A Natural Approach To Health
Living With Glomerulosclerosis
I had a question the other day about glomerulosclerosis.
Glomerulosclerosis refers to scarring or hardening of the blood vessels in your kidneys.
These vessels filter your blood as it passes through your kidneys.
They remove waste fluids that then leave your body as urine.
Damaged vessels can’t perform their job adequately.
As a result, large amounts of protein from your blood leak into your urine rather than remaining in your bloodstream.
This leads to a condition called proteinuria.
Glomerulosclerosis can affect children and adults.
Men are slightly more likely to develop it.
African-Americans are at higher risk than whites.
Focal segmental glomerulosclerosis (FSGS) is a kidney disease that can lead to glomerulosclerosis.
In FSGS, the scarring occurs only in some of your vessels.
And only part of the individual vessels is damaged.
Untreated, it can lead to kidney failure.
In some cases, kidney failure can occur despite treatment.
FSGS most frequently occurs without a cause.
This is called idiopathic or primary FSGS.
Sometimes, though, FSGS has a known cause, and these can include:
>Sickle cell disease
>Birth defects of the kidneys
>Heroin or other drug use
>Genetic causes (in rare cases)
Besides FSGS, glomerulosclerosis can be caused by these diseases:
>Sickle cell disease
Conditions that damage your kidneys can also lead to glomerulosclerosis.
>Glomerulonephritis, which causes your glomeruli to become inflamed.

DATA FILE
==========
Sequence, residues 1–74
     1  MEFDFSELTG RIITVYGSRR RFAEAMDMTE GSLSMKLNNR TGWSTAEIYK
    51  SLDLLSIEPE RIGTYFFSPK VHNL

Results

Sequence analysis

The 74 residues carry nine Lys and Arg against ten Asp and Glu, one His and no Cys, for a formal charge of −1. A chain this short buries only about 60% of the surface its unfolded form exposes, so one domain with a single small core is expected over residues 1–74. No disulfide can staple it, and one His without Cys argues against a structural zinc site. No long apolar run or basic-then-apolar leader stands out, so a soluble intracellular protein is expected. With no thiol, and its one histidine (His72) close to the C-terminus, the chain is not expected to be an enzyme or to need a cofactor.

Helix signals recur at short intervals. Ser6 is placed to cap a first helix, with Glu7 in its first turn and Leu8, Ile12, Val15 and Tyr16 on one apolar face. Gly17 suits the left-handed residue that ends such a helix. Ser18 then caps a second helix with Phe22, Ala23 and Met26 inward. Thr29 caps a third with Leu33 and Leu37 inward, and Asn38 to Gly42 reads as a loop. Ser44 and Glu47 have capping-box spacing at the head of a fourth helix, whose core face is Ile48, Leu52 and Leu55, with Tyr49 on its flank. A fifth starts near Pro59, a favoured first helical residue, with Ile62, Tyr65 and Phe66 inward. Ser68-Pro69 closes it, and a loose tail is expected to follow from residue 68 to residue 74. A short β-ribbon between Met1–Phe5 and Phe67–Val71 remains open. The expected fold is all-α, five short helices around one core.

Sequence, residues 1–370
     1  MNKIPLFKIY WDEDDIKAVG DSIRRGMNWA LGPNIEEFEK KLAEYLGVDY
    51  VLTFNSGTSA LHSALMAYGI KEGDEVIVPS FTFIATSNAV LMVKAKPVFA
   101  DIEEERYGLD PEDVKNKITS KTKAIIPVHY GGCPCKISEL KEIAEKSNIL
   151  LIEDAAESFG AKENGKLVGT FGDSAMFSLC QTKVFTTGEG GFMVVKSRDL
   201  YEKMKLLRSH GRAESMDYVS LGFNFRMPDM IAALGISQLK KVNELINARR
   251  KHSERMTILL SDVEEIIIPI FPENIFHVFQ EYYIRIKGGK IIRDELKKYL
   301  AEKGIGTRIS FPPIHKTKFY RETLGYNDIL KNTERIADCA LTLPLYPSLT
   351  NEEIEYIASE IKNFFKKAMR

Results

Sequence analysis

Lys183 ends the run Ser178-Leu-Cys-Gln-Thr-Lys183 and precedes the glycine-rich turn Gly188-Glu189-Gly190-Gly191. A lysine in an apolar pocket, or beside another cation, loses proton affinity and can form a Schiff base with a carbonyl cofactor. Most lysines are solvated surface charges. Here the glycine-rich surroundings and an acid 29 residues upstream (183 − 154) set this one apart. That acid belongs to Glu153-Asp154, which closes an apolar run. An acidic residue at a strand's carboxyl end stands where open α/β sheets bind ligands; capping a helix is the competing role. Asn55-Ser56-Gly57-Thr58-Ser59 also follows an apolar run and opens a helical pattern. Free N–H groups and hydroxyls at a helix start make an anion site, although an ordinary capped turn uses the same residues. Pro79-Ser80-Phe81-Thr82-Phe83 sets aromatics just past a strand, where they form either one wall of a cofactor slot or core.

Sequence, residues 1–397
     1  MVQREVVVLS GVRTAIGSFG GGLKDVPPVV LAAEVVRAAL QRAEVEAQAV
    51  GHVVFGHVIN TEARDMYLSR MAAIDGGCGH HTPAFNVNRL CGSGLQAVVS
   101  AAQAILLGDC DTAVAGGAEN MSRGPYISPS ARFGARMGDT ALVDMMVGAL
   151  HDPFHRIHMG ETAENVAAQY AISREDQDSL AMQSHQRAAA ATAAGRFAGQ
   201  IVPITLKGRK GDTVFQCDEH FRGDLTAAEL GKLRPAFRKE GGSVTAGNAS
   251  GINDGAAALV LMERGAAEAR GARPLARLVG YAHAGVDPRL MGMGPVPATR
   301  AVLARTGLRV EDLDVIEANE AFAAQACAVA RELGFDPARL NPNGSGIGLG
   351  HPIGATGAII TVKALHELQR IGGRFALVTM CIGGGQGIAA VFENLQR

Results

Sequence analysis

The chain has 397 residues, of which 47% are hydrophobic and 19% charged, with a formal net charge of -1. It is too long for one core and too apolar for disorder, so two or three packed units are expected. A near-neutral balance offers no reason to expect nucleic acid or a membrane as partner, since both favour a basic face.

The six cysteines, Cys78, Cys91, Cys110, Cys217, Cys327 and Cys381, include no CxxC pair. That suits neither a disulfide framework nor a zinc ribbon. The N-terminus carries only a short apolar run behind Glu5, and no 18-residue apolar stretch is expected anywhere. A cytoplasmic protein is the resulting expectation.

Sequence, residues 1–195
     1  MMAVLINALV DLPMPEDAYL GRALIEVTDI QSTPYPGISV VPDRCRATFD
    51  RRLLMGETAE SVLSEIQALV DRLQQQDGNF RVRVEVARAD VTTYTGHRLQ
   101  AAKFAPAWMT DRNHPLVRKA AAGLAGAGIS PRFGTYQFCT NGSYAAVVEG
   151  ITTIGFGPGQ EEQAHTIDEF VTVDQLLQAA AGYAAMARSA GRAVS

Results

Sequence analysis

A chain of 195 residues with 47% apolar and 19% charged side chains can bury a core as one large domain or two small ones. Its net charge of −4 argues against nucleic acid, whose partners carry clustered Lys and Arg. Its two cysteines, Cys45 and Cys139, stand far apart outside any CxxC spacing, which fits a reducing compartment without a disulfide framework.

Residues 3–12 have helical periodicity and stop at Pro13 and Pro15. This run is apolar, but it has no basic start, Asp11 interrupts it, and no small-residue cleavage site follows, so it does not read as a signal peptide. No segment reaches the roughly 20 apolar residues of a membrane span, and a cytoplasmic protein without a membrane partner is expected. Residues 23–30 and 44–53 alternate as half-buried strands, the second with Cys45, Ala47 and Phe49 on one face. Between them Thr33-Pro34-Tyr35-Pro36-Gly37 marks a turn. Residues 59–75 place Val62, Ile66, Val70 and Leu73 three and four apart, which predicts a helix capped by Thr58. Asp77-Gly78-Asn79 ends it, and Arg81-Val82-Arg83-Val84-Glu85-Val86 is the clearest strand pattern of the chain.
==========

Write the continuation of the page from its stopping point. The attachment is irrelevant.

>Reflux nephropathy, in which urine flows back into your kidney.
Chemicals and medicines that harm your kidneys can also cause glomerulosclerosis.
At first, there are no obvious signs of glomerulosclerosis.
Over time, symptoms can develop.
Swelling. Because of fluid retention, you may have swelling in various parts of your body, including hands, feet, legs, abdomen, and around your eyes.
The swelling may be painful.
It may also cause rapid weight gain.
Changes in urine. You may have foamy or bubbly urine, caused by proteinuria.
Often, glomerulosclerosis is discovered during a routine checkup.
Tests during a checkup can reveal an abnormally high protein content in your urine.
Or they may show a low level of protein in your blood.
Symptoms often accompanying glomerulosclerosis include high blood pressure and high cholesterol.
There’s no cure for glomerulosclerosis.
And the FDA hasn’t approved any drugs specifically for its treatment.
But several treatments can slow its progression and control symptoms.
To deal with glomerulosclerosis, it’s beneficial to:
*Drink 6-8 cups of purified water daily, which cleanses and flushes your system. Drink at least 1 cup per hour.
*Drink pure, sugar-free only, organic cranberry juice (found in a health food store).
*Maintain your alkalinity.
*Investigate possible triggers.
*Try to eliminate toxic products.
*Avoid sugar, alcohol, caffeine, soda pop, dairy products, and processed foods.
*Eat plenty of raw foods.
*Consider fasting and fresh juicing.
*Empty bladder frequently (never ignore the urge).
*Practice good personal hygiene.
*Take plentiful amounts of alfalfa throughout the day.
*Review my post on Candida, because many times this can be a significant influence.